Heisz begins by explaining why exercise can be so onerous, particularly at first. For the first time in human history, too much food is more dangerous than too little. The inclination to avoid wasteful expenditures of energy and to take advantage of all available resources have helped humans survive and pass on their genes for hundreds of thousands of years. But in today’s world of abundance and longevity, these tendencies are now posing a problem. An estimated 1.5 million people worldwide die each year from diabetes, a disease that was almost non-existent in pre-industrial societies. An article published in the journal PNAS also put forward the “active grandparent hypothesis” – the idea that physical activity in later years helped to expand human lifespans.
In her book, Heisz argues that exercise is “medicine” and each person must put in the effort that is right for them, without comparing themselves to others. According to data from NeuroFitLab, light exercise such as walking for half an hour three times a week reduces anxiety, and these benefits can grow progressively by increasing the intensity or duration of the sessions. Heisz also makes reference to studies such as a 2018 paper published in The American Journal of Psychiatry, which found that one hour of physical activity a week could prevent up to 12% of cases of depression. It did not, however, find a link between exercise and reduced anxiety.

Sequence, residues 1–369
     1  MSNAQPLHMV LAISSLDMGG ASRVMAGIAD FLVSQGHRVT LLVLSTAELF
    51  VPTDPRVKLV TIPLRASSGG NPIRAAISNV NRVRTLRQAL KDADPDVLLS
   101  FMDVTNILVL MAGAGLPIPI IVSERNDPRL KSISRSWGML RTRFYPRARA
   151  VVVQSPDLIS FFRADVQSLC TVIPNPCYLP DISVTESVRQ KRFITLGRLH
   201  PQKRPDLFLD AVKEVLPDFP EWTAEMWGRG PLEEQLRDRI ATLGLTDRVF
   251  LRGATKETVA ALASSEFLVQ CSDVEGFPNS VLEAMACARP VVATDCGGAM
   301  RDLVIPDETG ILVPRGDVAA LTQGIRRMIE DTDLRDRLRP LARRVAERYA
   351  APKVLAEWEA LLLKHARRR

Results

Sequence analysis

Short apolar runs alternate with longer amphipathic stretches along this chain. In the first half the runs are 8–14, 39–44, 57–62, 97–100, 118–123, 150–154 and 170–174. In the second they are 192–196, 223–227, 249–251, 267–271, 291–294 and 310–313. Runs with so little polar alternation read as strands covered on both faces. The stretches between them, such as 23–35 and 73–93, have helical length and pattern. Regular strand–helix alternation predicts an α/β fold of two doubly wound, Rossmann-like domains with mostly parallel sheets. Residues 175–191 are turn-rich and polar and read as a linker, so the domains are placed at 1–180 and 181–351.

The director of NeurofitLab also raises the possibility of replacing antidepressants with exercise, at least in some cases. This type of medication has been prescribed with increasing frequency over the last two decades, “especially for mild forms of depression that may not event meet clinical criteria,” says Heisz in the book. According to the researcher, many antidepressants are made on the false assumption that “low serotonin causes all mood disturbances,” meaning they do not work for a significant percentage of people with depression or anxiety. For these mild mood disorders, Heisz believes it is best to assume that a certain level of distress can be overcome without the need for drugs.